State lawmakers fully fund public schools this year

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One of the things I’ve learned in my eight years serving in the Legislature is that no state budget checks all the boxes on my wish list. This year’s supplemental budget is no exception, but it comes pretty close.

In my column last month, I wrote about the House budget proposal, which had just passed that chamber. It fully funded our public schools while also cutting property taxes statewide. In order to provide long-term property tax relief, the proposal included a new capital gains excise tax that would have affected just 5,000 of Washington’s highest-income taxpayers – less than one-half of one percent of taxpayers in our state. It’s an idea I’ve long championed as one way to make our state’s tax system – currently the most regressive in the nation – a little more fair while ensuring everyone contributes their fair share toward our public schools.

But budgets are about compromise, and negotiators in the House and Senate reached an agreement that didn’t include the capital gains excise tax. However, it does include a property tax cut for 2019, keeps a robust rainy day fund as a hedge against the next recession, and it finally fully funds our public schools by speeding up teacher compensation reforms the state Supreme Court wanted phased in this year. This effort should put an end to the fines the Court imposed on the state and fully addresses the decade-long McCleary lawsuit once and for all.

As the parent of a public school student, I couldn’t be more thrilled to reach this milestone. When I first came to the Legislature, my son was in elementary school. He’s now in high school, and I can finally tell him legislators lived up to their responsibility to him and the 1.1 million school children across our state.

Additionally, legislators made some adjustments to the education funding plan passed in 2017. This includes more funding for special education. It also addresses a teacher pay discrepancy known as regionalization. Basically, some districts that border each other have big differences in teacher pay. It’s hard for one district to attract and keep good teachers when those same teachers can earn more in the next district over.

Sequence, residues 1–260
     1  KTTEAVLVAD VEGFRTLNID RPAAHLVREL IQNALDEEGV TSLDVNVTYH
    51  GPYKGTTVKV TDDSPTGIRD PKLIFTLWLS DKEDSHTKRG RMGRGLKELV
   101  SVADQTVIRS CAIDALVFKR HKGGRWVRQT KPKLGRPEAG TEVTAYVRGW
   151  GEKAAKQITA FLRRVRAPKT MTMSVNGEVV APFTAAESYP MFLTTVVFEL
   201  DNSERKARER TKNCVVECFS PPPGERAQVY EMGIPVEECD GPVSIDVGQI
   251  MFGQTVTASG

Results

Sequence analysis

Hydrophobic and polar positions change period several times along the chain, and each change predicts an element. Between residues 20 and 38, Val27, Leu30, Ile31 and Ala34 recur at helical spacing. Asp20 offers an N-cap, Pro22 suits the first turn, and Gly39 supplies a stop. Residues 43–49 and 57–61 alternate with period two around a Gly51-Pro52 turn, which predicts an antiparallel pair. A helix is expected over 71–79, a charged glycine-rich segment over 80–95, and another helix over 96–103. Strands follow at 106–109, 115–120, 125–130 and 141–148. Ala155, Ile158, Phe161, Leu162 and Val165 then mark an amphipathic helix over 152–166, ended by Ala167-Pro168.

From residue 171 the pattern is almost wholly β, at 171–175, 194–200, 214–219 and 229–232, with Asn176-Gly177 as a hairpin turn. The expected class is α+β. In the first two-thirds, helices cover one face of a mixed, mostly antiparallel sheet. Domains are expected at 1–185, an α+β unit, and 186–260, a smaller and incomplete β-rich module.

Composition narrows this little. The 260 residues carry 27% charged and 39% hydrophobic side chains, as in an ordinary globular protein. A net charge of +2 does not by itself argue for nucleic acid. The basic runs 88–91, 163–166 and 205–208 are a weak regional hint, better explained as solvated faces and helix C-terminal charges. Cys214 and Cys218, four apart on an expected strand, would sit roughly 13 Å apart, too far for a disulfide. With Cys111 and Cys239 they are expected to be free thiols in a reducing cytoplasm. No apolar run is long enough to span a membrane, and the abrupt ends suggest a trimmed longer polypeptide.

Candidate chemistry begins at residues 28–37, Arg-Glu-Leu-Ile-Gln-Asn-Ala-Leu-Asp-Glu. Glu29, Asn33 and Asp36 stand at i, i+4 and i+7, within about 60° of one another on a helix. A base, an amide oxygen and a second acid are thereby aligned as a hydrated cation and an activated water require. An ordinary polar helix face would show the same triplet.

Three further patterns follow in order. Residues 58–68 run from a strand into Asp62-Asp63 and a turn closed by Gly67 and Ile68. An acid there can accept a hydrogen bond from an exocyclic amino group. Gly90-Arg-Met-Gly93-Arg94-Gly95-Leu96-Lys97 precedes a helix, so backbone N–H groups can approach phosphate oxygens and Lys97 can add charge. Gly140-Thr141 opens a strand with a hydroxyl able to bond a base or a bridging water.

Likewise, last year’s school funding solutions had a particularly negative impact on the Tacoma School District. These challenges were not clear when legislators passed the funding mechanisms in 2017, but became evident as we examined the impacts. That’s why my colleagues and I strengthened hold harmless language in state statute, to ensure school districts like Tacoma don’t net fewer dollars after levy adjustments are made.

Incredible progress happened on the K-12 education front, but I’m still not satisfied. And I know from talking with parents, students, teachers, education advocates and my legislative colleagues that there is still more work to be done moving forward. While the McCleary piece is settled, other challenges remain.

In 2019, you can expect state lawmakers will be looking at ways to address the ongoing teacher shortage crisis. In a recent survey of school district human resources directors, 97 percent said they were having a hard time hiring qualified teachers. That’s troubling.

Work will also continue on increasing graduation rates, as well as closing the opportunity gap. You can expect to hear more about restructuring the Learning Assistance Program, known as LAP, which helps students who are falling behind academically. School districts should have more flexibility to allocate LAP dollars to where they’ll help the most students and do the most good. The state also needs to increase funding for additional guidance counselors and family engagement coordinators, because we know increasing family engagement in a child’s education increases that child’s chances of success.

There will be further conversations around de-linking high-stakes testing from graduation requirements, as we seek ways to measure performance and boost accountability that don’t withhold diplomas from students who otherwise deserve them.

Finally, we know in addition to academic skills, students also need behavioral skills like the ability to handle stress, to build healthy relationships, and to self-regulate their behavior. Providing the resources for school districts to engage students in social and emotional learning will go a long way toward helping our students prepare for success in life.

So the work continues. As a community, we can celebrate the progress that’s been made, while committing to working together to ensure our children get the high-quality education they deserve.

Laurie Jinkins is a public health official from Tacoma who serves as a member of the Washington House of Representatives from the 27th district.

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